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Five students running for the Adapt slate in the RSU elections. Logo in the bottom right corner that has white outlined text that reads "Adapt" in all caps on a purple background.
PHOTO: Adapt and Heidi Lee
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Adapt slate candidates messaged students asking for votes, breaking RSU election bylaws

By Charlize Alcaraz, Alexandra Holyk and Heidi Lee

In last week’s Ryerson Students’ Union (RSU) election that saw the Adapt slate sweep executive positions for the 2021-22 school year, candidates running with the winning slate sent electronic messages asking students to vote for their entire team. This breaks the RSU elections procedure code implemented in the election, which prohibits sending unsolicited electronic messages for campaigning.

Three editors from The Eyeopener masthead received messages from Adapt candidates with whom they had no prior relationship, urging them to vote. The Eye has also verified evidence of elected and non-elected directors and an executive member messaging other students.

According to this year’s nomination package, “Candidates are explicitly forbidden from campaigning via any form of electronic mail,” under Section 6.69 of the RSU election bylaws

The elections procedure code from last year’s election defined electronic mail as “any form of written electronics communication and thus includes direct messages sent via Facebook Messenger and WhatsApp.” It also states that candidates are forbidden from sending unsolicited electronic messages to prospective voters. 

“The spirit of this article is to ensure that mass, unwanted communications are not received by those who may not want to receive this information,” the code reads.

While the nomination package didn’t clearly define electronic mail, this year’s elections procedure code, obtained by The Eye, outlined the interpretation of the bylaw. It states how each platform—such as Facebook, Instagram and Twitter—should not be utilized during the campaign process.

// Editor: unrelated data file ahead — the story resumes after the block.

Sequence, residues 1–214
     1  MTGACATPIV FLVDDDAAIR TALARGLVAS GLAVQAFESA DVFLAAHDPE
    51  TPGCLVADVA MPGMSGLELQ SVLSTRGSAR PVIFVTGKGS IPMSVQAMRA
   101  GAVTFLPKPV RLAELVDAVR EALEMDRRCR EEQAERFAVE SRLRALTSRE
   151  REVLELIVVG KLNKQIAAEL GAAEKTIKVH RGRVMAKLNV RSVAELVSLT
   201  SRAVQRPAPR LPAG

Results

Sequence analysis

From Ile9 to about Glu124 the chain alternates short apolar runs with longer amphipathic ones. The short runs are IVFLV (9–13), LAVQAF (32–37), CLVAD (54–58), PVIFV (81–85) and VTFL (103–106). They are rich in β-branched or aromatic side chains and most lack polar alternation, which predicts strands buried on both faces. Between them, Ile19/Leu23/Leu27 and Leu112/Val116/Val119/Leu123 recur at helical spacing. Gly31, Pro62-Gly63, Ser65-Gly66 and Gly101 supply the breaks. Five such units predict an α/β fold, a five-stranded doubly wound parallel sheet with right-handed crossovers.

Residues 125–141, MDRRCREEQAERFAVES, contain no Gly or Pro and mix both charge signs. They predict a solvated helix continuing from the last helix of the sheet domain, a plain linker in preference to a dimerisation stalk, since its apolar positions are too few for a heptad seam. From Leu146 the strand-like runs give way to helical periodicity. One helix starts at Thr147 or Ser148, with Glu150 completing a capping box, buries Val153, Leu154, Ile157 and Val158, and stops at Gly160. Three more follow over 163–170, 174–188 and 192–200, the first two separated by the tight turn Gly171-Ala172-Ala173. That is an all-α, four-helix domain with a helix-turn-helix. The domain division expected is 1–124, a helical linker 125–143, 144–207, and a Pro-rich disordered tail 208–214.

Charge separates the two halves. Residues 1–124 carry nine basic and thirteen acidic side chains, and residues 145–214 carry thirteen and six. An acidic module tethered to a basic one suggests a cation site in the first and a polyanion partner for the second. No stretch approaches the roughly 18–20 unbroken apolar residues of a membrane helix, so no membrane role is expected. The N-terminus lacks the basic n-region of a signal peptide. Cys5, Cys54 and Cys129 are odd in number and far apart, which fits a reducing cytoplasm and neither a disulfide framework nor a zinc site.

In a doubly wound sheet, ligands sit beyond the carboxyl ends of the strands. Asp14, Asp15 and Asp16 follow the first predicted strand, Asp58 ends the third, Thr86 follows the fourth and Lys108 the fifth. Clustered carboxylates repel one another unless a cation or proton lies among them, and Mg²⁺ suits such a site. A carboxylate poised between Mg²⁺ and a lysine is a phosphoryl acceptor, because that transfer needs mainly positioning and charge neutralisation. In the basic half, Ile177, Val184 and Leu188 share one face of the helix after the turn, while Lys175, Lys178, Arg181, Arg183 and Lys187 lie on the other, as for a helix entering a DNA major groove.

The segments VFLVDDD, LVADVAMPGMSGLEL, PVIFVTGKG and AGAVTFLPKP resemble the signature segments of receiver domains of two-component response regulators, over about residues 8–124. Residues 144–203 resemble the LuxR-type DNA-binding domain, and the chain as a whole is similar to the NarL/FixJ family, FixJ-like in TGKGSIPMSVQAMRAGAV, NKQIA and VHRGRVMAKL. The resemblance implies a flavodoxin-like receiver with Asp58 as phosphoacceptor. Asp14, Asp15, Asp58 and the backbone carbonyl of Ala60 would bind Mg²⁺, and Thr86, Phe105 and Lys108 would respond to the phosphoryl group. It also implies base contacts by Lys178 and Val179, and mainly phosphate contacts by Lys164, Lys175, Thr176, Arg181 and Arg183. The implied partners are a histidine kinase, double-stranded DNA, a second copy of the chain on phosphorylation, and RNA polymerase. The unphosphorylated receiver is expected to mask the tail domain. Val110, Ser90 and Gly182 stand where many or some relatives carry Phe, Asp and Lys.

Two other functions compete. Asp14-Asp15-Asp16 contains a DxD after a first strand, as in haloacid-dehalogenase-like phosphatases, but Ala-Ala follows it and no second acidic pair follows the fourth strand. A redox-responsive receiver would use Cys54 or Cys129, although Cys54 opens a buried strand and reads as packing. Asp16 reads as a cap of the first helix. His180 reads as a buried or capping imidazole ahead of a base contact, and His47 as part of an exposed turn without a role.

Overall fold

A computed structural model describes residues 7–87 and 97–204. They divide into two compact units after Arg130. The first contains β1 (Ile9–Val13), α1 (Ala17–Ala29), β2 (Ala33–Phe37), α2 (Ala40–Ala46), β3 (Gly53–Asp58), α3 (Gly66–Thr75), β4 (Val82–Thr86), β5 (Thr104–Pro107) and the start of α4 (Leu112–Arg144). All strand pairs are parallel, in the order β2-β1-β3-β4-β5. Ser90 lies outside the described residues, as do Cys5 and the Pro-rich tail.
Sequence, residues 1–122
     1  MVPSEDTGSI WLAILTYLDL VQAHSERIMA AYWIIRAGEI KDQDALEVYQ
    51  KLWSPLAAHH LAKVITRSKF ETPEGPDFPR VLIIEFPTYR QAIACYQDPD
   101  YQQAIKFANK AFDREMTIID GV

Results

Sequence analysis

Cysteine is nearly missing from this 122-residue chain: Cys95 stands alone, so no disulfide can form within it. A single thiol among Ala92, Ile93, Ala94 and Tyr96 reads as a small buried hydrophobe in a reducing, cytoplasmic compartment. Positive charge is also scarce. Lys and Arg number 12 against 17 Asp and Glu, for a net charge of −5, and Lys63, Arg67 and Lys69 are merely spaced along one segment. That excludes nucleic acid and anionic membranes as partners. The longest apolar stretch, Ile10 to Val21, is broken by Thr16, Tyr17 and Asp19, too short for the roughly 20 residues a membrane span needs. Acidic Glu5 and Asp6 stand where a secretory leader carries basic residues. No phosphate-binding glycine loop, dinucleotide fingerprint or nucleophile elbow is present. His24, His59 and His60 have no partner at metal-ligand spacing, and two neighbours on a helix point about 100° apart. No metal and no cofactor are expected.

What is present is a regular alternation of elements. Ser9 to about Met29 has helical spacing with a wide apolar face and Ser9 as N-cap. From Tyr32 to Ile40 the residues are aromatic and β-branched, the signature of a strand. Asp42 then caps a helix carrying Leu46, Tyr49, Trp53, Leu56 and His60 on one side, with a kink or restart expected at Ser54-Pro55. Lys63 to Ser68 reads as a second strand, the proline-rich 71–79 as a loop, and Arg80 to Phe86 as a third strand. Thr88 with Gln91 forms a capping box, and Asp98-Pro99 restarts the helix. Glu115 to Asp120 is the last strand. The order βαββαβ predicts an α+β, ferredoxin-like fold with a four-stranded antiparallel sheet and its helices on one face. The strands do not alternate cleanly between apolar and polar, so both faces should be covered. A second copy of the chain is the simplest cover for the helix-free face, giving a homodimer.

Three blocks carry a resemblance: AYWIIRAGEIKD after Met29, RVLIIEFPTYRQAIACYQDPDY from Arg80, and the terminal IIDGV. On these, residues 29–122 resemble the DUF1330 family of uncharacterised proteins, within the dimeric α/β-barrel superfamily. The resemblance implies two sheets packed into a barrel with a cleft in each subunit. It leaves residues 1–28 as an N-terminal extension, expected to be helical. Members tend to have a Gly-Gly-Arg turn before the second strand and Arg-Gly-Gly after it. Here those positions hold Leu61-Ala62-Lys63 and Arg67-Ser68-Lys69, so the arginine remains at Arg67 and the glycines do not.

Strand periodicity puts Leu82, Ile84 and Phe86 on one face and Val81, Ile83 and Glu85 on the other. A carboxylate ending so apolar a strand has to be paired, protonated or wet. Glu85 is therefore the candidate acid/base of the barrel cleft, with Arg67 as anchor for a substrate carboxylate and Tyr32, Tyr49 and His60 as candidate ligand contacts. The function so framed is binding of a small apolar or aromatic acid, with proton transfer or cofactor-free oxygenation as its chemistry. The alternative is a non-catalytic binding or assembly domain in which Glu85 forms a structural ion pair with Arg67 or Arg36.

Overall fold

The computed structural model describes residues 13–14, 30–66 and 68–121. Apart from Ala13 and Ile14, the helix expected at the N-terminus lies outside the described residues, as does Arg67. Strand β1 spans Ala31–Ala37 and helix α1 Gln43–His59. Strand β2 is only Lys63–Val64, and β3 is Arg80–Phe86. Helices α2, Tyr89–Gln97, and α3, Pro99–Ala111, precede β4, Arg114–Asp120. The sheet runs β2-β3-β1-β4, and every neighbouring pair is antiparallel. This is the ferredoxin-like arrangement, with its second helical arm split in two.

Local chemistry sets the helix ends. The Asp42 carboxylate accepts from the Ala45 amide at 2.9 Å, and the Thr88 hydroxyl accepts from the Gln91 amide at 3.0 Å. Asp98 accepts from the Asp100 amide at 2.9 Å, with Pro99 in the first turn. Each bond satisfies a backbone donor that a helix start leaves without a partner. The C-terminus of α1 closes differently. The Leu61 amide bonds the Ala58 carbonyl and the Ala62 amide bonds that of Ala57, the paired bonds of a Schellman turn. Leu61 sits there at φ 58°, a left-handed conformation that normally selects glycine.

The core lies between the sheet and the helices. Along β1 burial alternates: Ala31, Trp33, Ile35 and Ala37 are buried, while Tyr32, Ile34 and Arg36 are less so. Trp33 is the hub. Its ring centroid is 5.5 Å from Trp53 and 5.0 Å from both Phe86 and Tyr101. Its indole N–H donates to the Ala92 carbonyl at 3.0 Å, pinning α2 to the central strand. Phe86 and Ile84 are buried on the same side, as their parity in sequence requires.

Appendix A also mentions that “sending out unsolicited emails or electronic messages of any type or through any medium” is considered a non-permissible campaign practice.

Section 6.35 of the election bylaws states that, if a candidate fails to comply with Section 6 of the document, this “may result in disqualification at the discretion of the Chief Returning Officer (CRO) following a consultation with the Election Appeals Committee (EAC).” 

WhatsApp messages sent by an Adapt candidate to an Eyeopener masthead member
A WhatsApp message from Adapt FCAD candidate Priyanshi Mistry asking an Eye masthead member to vote Adapt and provide confirmation on March 18, 2021. (PHOTO: Dhriti Gupta)

Faculty of Communication and Design (FCAD) director candidates Bilqis Meer and Essha Khan, who both lost in the election, sent out messages on Instagram to multiple prospective voters, urging them to vote for the entire Adapt slate. Adapt’s third FCAD candidate Priyanshi Mistry, who also lost in the election, sent similar messages to students via WhatsApp.

“I just wanted to ask if you could take a minute to vote for Team Adapt in the RSU elections,” Meer’s Instagram direct message reads. “If you can confirm after you voted that would be awesome,” she continued. It is not yet clear why Meer was looking for confirmation of student votes.

Instagram direct messages from Meer asking an Eye masthead member to vote for Adapt and provide confirmation on March 19, 2021. (PHOTO: Dhriti Gupta)

Incumbent Ted Rogers School of Management directors Hilla Yaniv and Husnian Khalid also messaged a student on Instagram asking for confirmation of their vote. 

The Eye also verified that incoming vice-president education Tarmanjit Kaur messaged a student on Instagram, with whom she did not have a prior relationship, asking how they were doing. After the student wrote that they had already voted in the elections, Kaur did not proceed with the conversation. 

Individual Eye editors have reported the messages to the CRO and have not yet received a response at time of publication. 

Members from Adapt did not respond to request for comment in time for publication. 

With files from Dhriti Gupta, Rochelle Raveendran, Jes Mason, Norah Kim and Emma Moore

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